In Real Life

The Final Tasty Diary: It's Like Making A Baby


“So, Tracey, what’s it like working on a video game?” asked nobody in particular (or, more accurately, nobody at all). I umm’d and aah’d, trying to think of a description to accurately describe game making. And then I came up with one, and it was a little bit gross.

“It’s like making a baby,” I replied to thin air. “It’s like making a baby and carrying it and then raising it.”

I was well aware that I knew nothing about parenthood. The closest I’d ever come to being a parent was when an infant I was minding mushed its chubby fist into a bowl of oatmeal and punched me in the face. I was ready to get into a fight. Clearly, I do not understand The Little People. But while I may have the maternal instincts of a peanut, I do have an imagination, and my imagination tells me that what we in team Tasty Tasty Grandpa are going through is called “child rearing”. Allow me to break it down into finer, more delicious details.

When the idea for our iOS game, Tasty Tasty Grandpa burst forth from the mind of Craig Duturbure, it arrived in the fashion that I imagine most couples planning to lay eggs get the idea that they should, you know, write a letter to the stork, or visit the cabbage patch, or pick one up from the nursery, if you know what I mean (*sizzle*sizzle*). We thought it would be so easy. It would be fun and the game would have so much potential and it would grow up to be a machine that basically printed Bison dollar bills… because that’s what babies do.

Then we entered the phase where our baby vessel got fat. We calculated the time and the resources we’d need: where real parents have to find doctors and hospitals and buy sippy cups and prams, we had to find a coder, an artist and a musician who could give up their time to help us make this game.


A very early prototype showing how characters will run across the screen.

Perhaps, like many naive new parents, we thought that the easy part would come once the baby arrived. Everyone’s maternal and paternal instincts would miraculously kick in and we’d be gosh durn Sherry Bobbins. Once our baby prototype was ready, I thought we’d basically be done. We’d just iterate a couple of times, throw in some art, add music, and this sweet little baby of ours would tap dance its way into the App Store. Days later, Mr Apple would come knocking on our figurative (and maybe literal) doors. Wearing a suit made of dollar bills, he would shout “ONE MILLION DOLLARS!” in our faces, throw a suitcase of money at us, and run off into the distance, laughing.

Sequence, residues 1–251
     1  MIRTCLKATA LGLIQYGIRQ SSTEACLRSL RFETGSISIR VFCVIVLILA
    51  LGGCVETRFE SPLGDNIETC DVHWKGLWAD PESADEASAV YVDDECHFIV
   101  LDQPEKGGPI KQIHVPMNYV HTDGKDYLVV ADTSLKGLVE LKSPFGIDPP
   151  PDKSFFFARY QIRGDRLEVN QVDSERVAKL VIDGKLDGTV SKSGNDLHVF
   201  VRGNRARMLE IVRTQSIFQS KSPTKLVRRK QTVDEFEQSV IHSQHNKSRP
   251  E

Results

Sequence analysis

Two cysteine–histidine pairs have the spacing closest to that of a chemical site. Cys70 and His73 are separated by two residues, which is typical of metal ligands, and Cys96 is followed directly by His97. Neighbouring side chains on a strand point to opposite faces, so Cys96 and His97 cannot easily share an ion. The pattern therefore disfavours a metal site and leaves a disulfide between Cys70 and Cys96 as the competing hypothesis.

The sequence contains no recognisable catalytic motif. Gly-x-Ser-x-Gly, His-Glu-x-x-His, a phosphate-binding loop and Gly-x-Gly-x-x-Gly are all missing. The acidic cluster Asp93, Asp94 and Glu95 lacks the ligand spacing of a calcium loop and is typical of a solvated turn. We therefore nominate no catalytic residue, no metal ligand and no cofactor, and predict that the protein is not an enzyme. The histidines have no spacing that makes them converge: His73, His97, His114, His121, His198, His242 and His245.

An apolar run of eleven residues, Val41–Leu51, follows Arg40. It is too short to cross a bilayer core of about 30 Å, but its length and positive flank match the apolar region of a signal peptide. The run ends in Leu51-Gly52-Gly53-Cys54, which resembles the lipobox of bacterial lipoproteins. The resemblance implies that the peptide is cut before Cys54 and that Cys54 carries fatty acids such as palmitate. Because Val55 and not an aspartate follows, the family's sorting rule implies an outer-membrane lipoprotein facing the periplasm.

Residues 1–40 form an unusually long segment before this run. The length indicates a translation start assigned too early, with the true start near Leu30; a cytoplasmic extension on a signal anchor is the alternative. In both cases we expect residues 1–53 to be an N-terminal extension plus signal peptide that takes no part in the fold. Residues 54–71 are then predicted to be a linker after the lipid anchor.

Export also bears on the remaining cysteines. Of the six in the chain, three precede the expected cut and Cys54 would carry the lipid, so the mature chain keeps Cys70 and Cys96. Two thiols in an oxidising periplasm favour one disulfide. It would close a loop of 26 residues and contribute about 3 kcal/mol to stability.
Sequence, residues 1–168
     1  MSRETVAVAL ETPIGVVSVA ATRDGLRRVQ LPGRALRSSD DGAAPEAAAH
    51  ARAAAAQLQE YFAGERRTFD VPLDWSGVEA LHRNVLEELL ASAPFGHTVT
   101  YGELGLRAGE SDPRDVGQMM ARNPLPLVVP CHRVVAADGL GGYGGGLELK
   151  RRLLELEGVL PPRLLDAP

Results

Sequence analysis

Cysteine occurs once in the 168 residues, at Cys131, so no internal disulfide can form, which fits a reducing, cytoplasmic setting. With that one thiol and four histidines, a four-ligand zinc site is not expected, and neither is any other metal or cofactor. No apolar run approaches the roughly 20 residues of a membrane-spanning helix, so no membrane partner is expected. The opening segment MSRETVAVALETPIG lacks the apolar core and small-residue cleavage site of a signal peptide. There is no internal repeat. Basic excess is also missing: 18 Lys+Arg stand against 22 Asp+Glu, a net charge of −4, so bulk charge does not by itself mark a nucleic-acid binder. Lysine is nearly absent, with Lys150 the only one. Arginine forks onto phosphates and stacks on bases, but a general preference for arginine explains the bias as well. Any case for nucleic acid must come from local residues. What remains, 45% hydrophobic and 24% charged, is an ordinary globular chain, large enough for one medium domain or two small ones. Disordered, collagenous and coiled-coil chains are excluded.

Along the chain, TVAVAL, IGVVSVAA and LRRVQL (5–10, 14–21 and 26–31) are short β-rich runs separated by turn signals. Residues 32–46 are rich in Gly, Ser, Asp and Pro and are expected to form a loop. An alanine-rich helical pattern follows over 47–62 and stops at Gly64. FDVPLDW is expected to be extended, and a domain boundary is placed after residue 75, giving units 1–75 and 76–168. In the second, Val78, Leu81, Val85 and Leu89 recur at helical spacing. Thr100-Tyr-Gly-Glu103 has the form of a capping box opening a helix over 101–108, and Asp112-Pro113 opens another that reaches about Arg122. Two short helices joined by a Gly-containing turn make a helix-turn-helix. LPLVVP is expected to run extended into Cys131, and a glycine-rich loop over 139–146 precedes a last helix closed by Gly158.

Well… things don’t always go to plan. We’re five weeks into development, and Tasty Tasty Grandpa is not ready to tap dance into the App Store. We’re not sure it’s even ready to crawl. The beautiful, little tap-dancing baby we expected to appear when our team assembled is currently a tubby toddler with fat hands. It cries a lot and we’re working on fixing it without breaking the law. We’re encountering a lot of logistical problems — problems I would have never thought about or known of had I not stuck my own fat hand into game development.

Like a parent learning about what it means to have a squishy poop-machine thrust upon them, these past five weeks have been incredibly educational. I’ve learnt, for example, that game development takes time. In many ways I believe 48-hour game jams have distorted my perception of what is required to make a shippable game. In hindsight, I am now certain that any developer who has ever participated in a game jam would not have said no to more time. It takes time to paint, it takes time to design, it takes time to compose, and it takes time to code. More importantly, it takes time to get things wrong — to really make big dumb mistakes — and to figure out the best solution.


A rejected background for the game.

I’ve learned that there’s a lot more to a video game than what we see on the screen. This past week Team Grandpa has been talking about user interfaces and enemy spawn points and the timing of sound effects. If done right, hopefully the player will enjoy these things without hardly noticing them, but until they’re done, these are the things we have to think about.

I’ve learnt that it’s important to communicate effectively. Our development team is spread out along the east coast of Australia — we’re all working in isolation and while we send emails back and forth, nothing is as rejuvenating as our weekly video conference calls. We tell each other what we’re doing, what we’re having trouble with, we ask each other what we should do next and whether the baby is still fat. When we leave the call, we all feel a bit better, like this whole baby business isn’t so bad after all.

Perhaps the most important thing I’ve learned is that it was never bad to begin with. Yes, Tasty Tasty Grandpa is taking longer than expected to finish; yes, I have a pile of ugly background paintings that I don’t really know what to do with, and yes we’re more than likely to encounter more problems along the way that will take even more time to solve. But hey — this is our baby. It might be round, slightly uncoordinated and drool more than any baby ever should, but with enough love and attention, our chubster’s gonna dance, and when it does we’re going to be pretty god darn proud.

The Tasty Diaries is a series of developer diary entries by former Kotaku Associate Editor, Tracey Lien. As of next week, the diary will have a new home! Follow Tasty Tasty Grandpa’s progress over at Grapple Gun Games.


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